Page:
A campaign in Northern Karnataka is drawing attention to the widespread desire for education on the part of young girls. Completing high school improves many aspects of a girl’s life, health and future, but a variety of barriers block the way, especially for girls from disadvantaged communities. Among many strategies to overcome these barriers, the Samata programme launched a campaign to generate awareness, discussion and support at village level.
The campaign includes jathas (rallies) and street theatre, focusing outreach efforts on vulnerable families who are more likely to remove their daughters from school. The Samata team from the Karnataka Health Promotion Trust (KHPT) routed the rallies to pass through the areas where families from scheduled castes and tribes (SC/ST) live.
Starting from the village school, each jatha passed through the entire village on foot, holding placards and chanting slogans with call-to-action messages on girls’ education. The jatha stopped mid-way at the village square within the SC/ST colonies. There, members of the gram panchayat (local government body) and school development management committee (SDMC) addressed rally participants and gathered villagers about girls’ education. The jathas then visited SC/ST families whose girls had not yet enrolled in 8th standard [the first year of high school] and encouraged them to send their girls to school.
“This jatha was very different from [other] campaigns. The jatha went to the interior village streets with SC/ST families and motivated the parents to send their girls to school.”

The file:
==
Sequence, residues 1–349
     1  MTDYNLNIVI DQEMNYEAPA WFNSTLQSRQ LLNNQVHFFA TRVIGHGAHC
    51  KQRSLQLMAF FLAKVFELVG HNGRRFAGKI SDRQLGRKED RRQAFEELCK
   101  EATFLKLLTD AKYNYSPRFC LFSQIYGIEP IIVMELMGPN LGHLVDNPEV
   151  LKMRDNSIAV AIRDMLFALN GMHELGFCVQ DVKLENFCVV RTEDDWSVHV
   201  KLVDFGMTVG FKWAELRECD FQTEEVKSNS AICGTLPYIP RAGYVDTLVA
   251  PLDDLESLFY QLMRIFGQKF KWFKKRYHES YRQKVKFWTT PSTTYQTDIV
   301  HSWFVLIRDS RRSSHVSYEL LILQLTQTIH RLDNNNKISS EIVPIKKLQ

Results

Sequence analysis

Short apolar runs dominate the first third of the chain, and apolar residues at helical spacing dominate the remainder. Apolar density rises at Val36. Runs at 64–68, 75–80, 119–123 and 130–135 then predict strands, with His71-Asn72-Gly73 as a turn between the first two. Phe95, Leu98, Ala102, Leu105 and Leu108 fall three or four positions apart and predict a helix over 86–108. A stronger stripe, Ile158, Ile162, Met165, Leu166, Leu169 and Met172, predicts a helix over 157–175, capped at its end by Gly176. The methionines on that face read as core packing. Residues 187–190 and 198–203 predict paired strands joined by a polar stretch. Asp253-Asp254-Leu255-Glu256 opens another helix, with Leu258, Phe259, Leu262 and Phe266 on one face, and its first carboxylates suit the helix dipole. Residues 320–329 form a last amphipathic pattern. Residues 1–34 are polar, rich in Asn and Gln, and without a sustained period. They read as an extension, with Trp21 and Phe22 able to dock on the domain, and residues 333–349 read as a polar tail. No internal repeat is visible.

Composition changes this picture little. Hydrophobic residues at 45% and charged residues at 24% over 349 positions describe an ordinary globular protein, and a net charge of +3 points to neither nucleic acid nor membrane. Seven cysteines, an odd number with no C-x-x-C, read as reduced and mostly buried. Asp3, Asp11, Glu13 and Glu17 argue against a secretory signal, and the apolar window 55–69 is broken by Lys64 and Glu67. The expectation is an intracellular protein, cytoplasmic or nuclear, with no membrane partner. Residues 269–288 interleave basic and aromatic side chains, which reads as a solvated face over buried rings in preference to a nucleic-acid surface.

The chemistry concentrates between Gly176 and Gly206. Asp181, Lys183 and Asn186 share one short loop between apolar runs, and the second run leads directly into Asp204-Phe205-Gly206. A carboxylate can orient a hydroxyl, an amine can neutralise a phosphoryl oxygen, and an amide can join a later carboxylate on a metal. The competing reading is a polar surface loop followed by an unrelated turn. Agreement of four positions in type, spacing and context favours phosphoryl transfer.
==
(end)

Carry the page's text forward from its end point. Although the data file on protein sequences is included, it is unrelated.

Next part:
S. R. Patil, headmaster of B.A.K High School, Bijjaragi village, Bijapur District
A total of 8,501 community members from 41 villages, including 7,613 students, heeded the call to action for girls’ education. As well as mobilising large numbers, the jathas involved an impressive degree of collaboration between:
- community institutions
- local government
- education departments
- the Samata programme team
More than 100 local government representatives and officials from the Department of Education lent their support to the campaign.
“I thought jatha meant merely going around the village shouting slogans but today the KHPT team involved everyone in the village even the elected representatives. We specifically visited the SC/ST families whose daughters were not yet admitted to 8th standard.”
Dundappa Badiger, community volunteer, Herkal village, Bagalkot District
Over 50 per cent of the jatha participants were girls and women. Girls of different ages, numbering over 4,000, chanted slogans as they led the rallies:
“Send us to school and not to the fields”
“Education is power”
“Educate girls for a brighter future”
“Where should the girls be? In school.”
The rallies were reported in the local newspapers Vijaya Karnataka, Vijayavani and Samyukta Karnataka, which served to amplify their impact.
“All girls should go to school. These rallies will help reduce drop out.”
Veena Kolar, President of the Government High School’s School Development Management Committee (SDMC)